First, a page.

The new work, according to Greenberg, did not live up to the standards of artistic quality. It was “far-out” at the expense of formal rigor. In a few years, if—and when—the public came around, the pendulum of opinion would swing the other way. Greenberg believed that Carl Andre’s floor pieces would have been much improved if he “had paid enough attention to proportion.” Judd, likewise, suffered from the same problem, not having “borne down enough on proportions.” Greenberg thought it was conceivable that a box, say, two by three feet, if done in the right way, would be persuasive for him. He was known to say about Land Art that nothing prevented a ditch from here to San Francisco from being a great work of art. The hypothetical artist, however, had better pay attention to the ditch’s proportions.

Good work made Greenberg doubt the limits of his taste. Good work had an obscure quality that forced Greenberg to reckon with it, however intuitively. Instead of wanting to dismiss a work outright, he would feel an undeniable responsibility to accommodate it, to find a place for it within the horizons set by other good work. This ability to inspire doubt was the basis for Greenberg to assess a work’s quality, and the means by which he could thereafter admire it with conviction. If a work did not inspire him to adapt his taste, it was either academic or kitsch. He would shrug it off without a second thought.

Greenberg did not feel the slightest need to accommodate the new work. And yet, it seemed, he could not reject it. If he was not compelled to accept it as pushing the limits of his taste, why was he not able to banish it to the wasteland of bad art? In the classroom, addressing his students, Greenberg struggled, but ultimately could not articulate the answer to this question. “You,” Greenberg said, while in fact meaning “I,” “had to find out where this negative judgement came from.” As he spoke, his thinking seemed to turn back on itself; he was frustrated by what lay just outside of grasp. “Anyone who disagrees with the whole weight of authority is likely to feel nervous about reactions they can’t help having,” he said.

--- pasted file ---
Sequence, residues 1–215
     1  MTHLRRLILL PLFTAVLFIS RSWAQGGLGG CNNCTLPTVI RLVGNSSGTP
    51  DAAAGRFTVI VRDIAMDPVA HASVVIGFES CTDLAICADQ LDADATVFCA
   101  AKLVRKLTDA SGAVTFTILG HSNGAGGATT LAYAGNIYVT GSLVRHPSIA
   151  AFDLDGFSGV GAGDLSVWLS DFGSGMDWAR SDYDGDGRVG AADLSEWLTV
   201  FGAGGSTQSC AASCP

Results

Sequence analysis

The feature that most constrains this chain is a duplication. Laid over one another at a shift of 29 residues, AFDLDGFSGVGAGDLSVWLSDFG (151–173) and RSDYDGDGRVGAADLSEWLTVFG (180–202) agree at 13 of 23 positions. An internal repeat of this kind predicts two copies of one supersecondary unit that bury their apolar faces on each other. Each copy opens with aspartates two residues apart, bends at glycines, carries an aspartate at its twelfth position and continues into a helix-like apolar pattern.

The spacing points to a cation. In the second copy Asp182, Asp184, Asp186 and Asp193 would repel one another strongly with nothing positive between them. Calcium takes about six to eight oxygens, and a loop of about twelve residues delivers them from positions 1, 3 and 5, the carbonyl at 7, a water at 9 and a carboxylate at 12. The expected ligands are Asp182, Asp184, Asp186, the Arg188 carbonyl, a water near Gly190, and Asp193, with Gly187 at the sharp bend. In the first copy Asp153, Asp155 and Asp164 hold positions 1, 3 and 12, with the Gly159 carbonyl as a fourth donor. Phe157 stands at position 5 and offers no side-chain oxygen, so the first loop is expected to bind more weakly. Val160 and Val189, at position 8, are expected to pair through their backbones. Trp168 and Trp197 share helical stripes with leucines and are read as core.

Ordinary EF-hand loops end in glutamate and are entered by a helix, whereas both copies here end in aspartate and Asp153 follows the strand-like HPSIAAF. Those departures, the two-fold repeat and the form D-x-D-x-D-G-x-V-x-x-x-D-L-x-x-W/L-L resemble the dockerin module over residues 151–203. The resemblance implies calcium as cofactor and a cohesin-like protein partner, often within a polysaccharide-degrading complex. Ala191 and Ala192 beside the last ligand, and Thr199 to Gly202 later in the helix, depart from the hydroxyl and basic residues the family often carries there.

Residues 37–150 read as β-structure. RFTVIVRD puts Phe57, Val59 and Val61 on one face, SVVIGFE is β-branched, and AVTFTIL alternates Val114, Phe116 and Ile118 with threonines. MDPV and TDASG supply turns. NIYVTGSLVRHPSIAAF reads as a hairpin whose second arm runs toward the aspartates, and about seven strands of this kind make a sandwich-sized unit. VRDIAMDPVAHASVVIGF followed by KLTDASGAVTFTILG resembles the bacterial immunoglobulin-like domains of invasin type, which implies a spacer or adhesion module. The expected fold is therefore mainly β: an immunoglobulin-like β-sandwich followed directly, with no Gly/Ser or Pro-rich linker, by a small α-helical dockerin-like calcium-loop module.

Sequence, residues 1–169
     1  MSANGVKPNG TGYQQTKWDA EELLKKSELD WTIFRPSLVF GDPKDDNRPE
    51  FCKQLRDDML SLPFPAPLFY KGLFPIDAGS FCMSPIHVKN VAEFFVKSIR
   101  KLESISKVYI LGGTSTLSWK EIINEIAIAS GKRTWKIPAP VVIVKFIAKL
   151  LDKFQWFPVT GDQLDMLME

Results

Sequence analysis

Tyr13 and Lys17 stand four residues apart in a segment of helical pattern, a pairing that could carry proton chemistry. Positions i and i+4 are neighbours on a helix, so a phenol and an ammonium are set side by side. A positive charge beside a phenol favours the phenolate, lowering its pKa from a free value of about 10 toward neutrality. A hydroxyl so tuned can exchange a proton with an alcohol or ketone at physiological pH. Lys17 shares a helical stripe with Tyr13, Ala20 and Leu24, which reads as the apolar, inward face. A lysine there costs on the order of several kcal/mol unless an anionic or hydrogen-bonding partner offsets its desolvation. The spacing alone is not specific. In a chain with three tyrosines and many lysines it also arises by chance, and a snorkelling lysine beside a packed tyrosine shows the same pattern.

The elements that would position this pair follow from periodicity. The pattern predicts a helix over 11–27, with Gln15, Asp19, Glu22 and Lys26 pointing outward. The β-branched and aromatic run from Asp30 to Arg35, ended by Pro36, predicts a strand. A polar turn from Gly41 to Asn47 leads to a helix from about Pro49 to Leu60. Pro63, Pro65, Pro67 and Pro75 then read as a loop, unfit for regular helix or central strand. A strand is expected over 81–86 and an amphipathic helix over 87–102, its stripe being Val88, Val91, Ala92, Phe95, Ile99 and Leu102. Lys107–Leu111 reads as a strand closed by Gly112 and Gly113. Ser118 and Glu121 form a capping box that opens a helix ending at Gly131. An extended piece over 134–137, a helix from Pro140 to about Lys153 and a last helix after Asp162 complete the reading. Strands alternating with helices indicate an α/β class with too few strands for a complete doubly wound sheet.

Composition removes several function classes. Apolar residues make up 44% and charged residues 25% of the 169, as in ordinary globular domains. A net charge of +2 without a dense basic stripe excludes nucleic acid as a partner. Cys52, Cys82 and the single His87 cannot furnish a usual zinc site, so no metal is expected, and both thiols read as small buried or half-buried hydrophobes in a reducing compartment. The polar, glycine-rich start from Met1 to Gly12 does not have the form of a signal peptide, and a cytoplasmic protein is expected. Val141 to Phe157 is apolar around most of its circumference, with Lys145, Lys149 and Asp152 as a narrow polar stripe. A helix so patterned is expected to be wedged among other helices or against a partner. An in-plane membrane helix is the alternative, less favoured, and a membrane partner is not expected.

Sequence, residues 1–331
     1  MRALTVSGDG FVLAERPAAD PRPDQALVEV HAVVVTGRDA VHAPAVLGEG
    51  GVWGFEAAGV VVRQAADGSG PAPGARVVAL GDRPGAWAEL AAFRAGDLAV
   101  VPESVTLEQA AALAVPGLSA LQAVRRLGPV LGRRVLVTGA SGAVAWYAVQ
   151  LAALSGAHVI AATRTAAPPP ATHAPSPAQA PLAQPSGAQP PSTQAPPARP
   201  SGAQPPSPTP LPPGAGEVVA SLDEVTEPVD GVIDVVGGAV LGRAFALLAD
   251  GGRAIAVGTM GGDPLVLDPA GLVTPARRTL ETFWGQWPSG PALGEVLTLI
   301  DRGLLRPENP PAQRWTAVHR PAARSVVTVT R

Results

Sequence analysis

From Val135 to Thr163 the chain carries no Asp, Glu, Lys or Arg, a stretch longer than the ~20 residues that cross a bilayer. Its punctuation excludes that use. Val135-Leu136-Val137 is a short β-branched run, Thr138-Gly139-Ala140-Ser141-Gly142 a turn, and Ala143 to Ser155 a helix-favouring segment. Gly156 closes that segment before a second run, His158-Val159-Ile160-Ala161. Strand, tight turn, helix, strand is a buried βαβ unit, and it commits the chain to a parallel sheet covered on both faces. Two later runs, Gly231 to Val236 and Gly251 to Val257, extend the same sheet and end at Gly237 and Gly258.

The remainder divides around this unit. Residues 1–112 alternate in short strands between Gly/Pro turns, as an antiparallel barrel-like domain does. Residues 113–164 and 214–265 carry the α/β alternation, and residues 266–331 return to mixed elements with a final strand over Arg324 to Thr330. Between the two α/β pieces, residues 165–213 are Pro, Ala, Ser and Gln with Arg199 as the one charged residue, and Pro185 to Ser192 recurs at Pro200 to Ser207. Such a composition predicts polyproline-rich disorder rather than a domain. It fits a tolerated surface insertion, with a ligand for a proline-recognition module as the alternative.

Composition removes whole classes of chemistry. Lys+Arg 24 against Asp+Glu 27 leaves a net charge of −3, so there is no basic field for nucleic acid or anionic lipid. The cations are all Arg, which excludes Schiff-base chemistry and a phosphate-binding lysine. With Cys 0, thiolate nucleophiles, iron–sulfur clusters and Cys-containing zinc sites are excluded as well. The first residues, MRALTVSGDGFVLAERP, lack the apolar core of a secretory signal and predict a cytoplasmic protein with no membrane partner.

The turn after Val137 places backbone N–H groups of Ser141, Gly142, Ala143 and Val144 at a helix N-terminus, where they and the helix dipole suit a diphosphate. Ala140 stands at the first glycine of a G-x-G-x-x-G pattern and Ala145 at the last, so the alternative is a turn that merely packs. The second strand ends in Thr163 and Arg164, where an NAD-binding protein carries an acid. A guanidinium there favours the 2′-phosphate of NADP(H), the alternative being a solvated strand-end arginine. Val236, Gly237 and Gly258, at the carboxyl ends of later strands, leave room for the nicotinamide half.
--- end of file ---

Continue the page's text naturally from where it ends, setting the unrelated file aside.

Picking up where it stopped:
A student posed the question: “Do you think modernism is relaxing in its maturity and accepting more?” In his mind, “modernism” and “Greenberg” were synonymous. The question might have been if Greenberg were relaxing in his maturity, accepting more. But inasmuch as the current state of art was concerned, if Greenberg would have said, “Yes, I like it,” he would have been lying; he simply didn’t. People, when faced with consensus—they say they like something. They say, “Well, I like it too.” “With contemporary art, you are so alone,” thought Greenberg. “You are all alone with it.”

Jay Chung is an artist and writer. Most of his work is developed in collaboration with Q Takeki Maeda. He has contributed to Starship for many years and is a regular columnist since 2014.